Hey Moondog

Secret Passage

SECRET CEREMONY is a film maudit if ever there was one. Even many hardcore Loseyites find it hard to defend.

“Anyway, to go back to SECRET CEREMONY, here is how it was finally set up. I was sitting in Rome; I had just been doing the dubbing of BOOM!, Burton was going off to do WHERE EAGLES DARE, or whatever they do — shit — WHERE EAGLES SHIT — and we were all in the Grand Hotel. Elizabeth said ‘Why don’t we do something again?’ I remembered this script and thought she would be ideal for it. I got her the script a few days later from London, and she said ‘I’ll do it’, and we did it, at once. Now, of course, I brought [writer George] Tabori back in and we did a great deal of re-working, mostly out of that particular house.”

~ from Conversations With Losey by Michel Ciment.

(I like Ciment, he has a particular enthusiasm for the mad and visionary strains of British cinema that are at least as big a part of our culture — the valuable part of it — as social observation and all that muck.)

Justify My Love

So, having finished Tennessee Williams’ BOOM! (which is John Waters’ favourite movie for reasons that are evident if you can manage to see it ), while Burton is off where the eagles shit, Liz Taylor is parading around in various Christian Dior outfits in this deeply weird art movie in this weird house in Addison Road, London. The house had been a rest home for the mentally ill, run by some kind of religious organisation who had fallen on hard times — Losey’s regular collaborator Richard MacDonald ran amok in it and created one of the very best London houses in cinema — it stands alongside Asshetton Gorton’s work in THE KNACK and BLOW-UP, and John Clark’s in PERFORMANCE. The great London house films of the period.

Sausage, M'lady?

Munch chomp gnosh

Early on Liz, grieving her lost child, is adopted as mother by orphaned loony Mia Farrow, who cooks her a splendid sausage breakfast. And the film slams on the brakes and simply observes, with Farrow, as Liz wolfs down the lot. A whole breakfast consumed, in silence… It seems like a dreadful mistake at screenplay stage: The script must have said, “She eats the sausages,” and nobody thought anything of it, but it’s one of those sentences, like “The Indians capture the fort,” that really entails much more than it seems to. Yet somehow the film knows we want this. We want to see Liz eat those sausages. All of them. It’s pornographic, but we can’t look away. The fact that Liz is carrying, shall we say, a few extra pounds and Farrow, who does not eat, still has the emaciated spidery limbs she sports in ROSEMARY’S BABY, adds to the pervasive and enticing wrongness of it all. This is a terrible thing we are witnessing.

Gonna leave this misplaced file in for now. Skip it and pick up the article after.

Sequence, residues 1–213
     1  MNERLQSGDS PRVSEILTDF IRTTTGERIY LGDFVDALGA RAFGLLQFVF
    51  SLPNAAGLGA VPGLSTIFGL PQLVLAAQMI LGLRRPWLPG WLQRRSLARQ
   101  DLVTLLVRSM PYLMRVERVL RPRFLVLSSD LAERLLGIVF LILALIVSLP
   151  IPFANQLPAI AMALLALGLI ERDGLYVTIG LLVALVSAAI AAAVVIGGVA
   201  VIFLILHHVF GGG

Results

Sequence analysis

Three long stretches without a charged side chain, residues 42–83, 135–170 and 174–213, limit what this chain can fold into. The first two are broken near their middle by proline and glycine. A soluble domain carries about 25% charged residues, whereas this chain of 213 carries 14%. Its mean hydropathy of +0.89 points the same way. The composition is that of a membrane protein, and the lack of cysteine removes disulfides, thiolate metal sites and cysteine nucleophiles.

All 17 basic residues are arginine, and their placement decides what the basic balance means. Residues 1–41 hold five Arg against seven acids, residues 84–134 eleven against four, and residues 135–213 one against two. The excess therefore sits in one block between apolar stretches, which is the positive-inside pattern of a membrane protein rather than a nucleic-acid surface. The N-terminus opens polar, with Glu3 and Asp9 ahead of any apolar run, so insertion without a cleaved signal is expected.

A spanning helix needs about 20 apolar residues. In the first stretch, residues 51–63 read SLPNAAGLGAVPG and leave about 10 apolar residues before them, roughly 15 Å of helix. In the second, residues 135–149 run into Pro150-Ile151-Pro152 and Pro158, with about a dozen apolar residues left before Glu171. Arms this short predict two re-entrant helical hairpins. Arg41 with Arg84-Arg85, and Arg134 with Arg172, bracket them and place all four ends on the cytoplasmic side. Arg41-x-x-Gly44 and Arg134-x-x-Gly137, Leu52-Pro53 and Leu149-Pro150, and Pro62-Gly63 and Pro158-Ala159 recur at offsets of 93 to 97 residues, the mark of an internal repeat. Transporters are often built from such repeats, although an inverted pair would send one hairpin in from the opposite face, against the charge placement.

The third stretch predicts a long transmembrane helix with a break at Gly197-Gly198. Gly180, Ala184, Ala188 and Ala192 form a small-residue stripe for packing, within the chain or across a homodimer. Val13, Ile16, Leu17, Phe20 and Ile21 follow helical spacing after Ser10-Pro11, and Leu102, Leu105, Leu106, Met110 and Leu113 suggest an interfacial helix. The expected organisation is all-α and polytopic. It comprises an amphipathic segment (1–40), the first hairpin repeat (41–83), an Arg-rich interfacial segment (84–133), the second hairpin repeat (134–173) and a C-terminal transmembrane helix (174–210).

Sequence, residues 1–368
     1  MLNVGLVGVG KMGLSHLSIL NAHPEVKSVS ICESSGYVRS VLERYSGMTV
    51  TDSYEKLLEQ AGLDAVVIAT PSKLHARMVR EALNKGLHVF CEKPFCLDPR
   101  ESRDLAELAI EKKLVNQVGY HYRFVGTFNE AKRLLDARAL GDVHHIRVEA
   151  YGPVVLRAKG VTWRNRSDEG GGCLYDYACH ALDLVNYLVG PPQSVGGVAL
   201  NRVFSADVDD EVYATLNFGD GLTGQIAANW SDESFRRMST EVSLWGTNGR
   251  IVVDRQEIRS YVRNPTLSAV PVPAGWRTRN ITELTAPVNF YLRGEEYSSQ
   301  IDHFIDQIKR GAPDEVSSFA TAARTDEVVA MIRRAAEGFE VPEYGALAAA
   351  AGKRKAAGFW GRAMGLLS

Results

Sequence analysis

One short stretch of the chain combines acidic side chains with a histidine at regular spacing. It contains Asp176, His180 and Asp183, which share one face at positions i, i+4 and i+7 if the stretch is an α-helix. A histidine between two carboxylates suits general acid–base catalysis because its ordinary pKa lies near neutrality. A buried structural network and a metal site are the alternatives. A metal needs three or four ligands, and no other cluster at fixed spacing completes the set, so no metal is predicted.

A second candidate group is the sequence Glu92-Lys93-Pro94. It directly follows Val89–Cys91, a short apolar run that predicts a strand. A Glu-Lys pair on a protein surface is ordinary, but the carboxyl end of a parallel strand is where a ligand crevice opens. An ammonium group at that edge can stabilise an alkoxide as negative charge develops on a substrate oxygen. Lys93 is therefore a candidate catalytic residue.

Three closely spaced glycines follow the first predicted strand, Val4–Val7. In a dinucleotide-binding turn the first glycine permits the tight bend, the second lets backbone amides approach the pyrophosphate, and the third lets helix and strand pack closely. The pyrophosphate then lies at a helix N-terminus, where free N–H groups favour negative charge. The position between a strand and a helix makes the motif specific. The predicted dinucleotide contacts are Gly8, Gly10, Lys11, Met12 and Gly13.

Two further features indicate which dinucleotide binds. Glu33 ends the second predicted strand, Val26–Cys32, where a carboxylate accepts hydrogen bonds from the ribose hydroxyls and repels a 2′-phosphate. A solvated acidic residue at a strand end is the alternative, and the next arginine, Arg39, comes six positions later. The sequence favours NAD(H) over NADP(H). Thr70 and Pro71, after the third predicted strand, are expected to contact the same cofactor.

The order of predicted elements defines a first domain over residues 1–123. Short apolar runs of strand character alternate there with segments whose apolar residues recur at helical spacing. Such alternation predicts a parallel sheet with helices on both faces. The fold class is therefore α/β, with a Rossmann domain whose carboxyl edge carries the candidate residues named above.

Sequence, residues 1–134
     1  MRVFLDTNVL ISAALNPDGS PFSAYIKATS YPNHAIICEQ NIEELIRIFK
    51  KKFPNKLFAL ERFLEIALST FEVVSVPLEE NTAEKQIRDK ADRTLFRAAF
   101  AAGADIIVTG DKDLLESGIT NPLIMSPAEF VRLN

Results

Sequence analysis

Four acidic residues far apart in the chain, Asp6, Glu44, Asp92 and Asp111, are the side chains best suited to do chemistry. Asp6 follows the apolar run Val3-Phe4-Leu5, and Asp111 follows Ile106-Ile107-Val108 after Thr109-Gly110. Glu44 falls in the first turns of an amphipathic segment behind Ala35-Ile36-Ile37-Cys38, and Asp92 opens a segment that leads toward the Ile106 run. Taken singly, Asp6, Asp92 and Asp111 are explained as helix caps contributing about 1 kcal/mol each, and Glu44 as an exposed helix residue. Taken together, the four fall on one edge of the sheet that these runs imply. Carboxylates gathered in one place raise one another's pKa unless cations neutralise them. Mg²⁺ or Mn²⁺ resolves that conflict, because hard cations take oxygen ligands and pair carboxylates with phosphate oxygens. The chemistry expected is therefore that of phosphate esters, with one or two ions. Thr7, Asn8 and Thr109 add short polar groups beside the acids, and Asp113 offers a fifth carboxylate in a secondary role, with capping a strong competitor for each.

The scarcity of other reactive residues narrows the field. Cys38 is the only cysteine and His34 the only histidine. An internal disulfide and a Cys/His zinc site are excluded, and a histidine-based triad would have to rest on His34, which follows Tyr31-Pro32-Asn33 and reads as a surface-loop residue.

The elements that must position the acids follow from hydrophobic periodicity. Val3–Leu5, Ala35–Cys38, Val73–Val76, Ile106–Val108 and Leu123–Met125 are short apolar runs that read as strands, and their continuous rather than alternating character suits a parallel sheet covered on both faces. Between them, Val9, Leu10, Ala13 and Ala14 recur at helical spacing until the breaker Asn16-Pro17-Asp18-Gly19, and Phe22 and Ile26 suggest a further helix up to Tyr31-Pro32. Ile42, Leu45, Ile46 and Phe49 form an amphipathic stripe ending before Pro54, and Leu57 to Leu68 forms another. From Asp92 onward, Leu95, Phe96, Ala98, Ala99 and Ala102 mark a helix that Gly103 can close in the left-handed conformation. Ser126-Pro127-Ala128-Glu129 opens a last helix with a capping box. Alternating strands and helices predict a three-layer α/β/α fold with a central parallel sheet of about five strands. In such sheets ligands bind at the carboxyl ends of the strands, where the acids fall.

Later, Liz will pat her jowls reflectively and complain, “Christ, I’m so f=a=t,” her voice rising to a hoarse beep on the final word.

My Last Breath

What’s going on? All the characters are insane, as Losey admitted. This makes things pretty alienating for any audience member with a grasp of reality. And while Losey announced that Farrow’s character was “in every detail thought out as a hysterical schizophrenic,” I get the impression that his sense of those words may be rather loose. Jean-Pierre Melville also described Delon’s character in LE SAMOURAI as schizophrenic, and I have no idea what he meant by that. Autistic might be closer in that case. I think Farrow’s schizophrenia, like protagonist George Harvey Bone’s in Hangover Square, may be a plot device as much as a condition.


(Damnit, I now have private information regarding Farrow’s mental state at the time, but I don’t think I can repeat it. Never mind, Losey loved her, and she’s very good in his film.)

I think that by making Liz’s character so nutty, the film kind of disables itself, since if she functioned as a vaguely reliable guide to the labyrinth, she could get away with being distraught, maybe a bit irrational, but not this totally random screwball she is.

Moon Age Day Dream

Screenwriter George Tabori, who is no Pinter, obviously has no shortage of ideas, but his organisation is lacking. David Caute’s Losey book criticises the dialogue for muddling American and British idioms, but I got the impression that’s Liz’s character — a yank who fakes a Brit accent when she’s pretending to be the mother. It’s just about the one thing I was clear on. But it’s a throw-away film full of throw-away notions, like Farrow’s fear of “Moondog”, the God figure in a William Blake illustration on the bedroom mantel. It probably relates to her incestuous stepfather, and maybe when Robert Mitchum turns up (“C’mon, you know I’m harmless before lunch!” with an Irish beard and a bunch of flowers, we’re meant to be reminded of the sinister figure. But why “Moondog”?

Calypso is... like so

ALTHOUGH — the environments of the film are beautiful and the various performers do fascinating things. Mia Farrow essays her note-perfect English accent, also displayed in Anthony Mann’s swan-song, A DANDY IN ASPIC, and her physical acting is likewise remarkable, all flailing arms and manic grin so wide it threatens to crack the outline of her face and break out on its own. Liz is just Liz, she stomps about, giving her all, seizing on anything she can emote at. Robert Mitchum turns up and shows his bravery again, playing loathsomeness without apology. Decorative eccentricity is provided by Peggy Ashcroft and Pamela Brown, who are always welcome round my place, but Losey’s use of the phrase “sort of comedy relief” in describing them is a clue to the fact that they’re not actually funny, just more neurotic whimsy.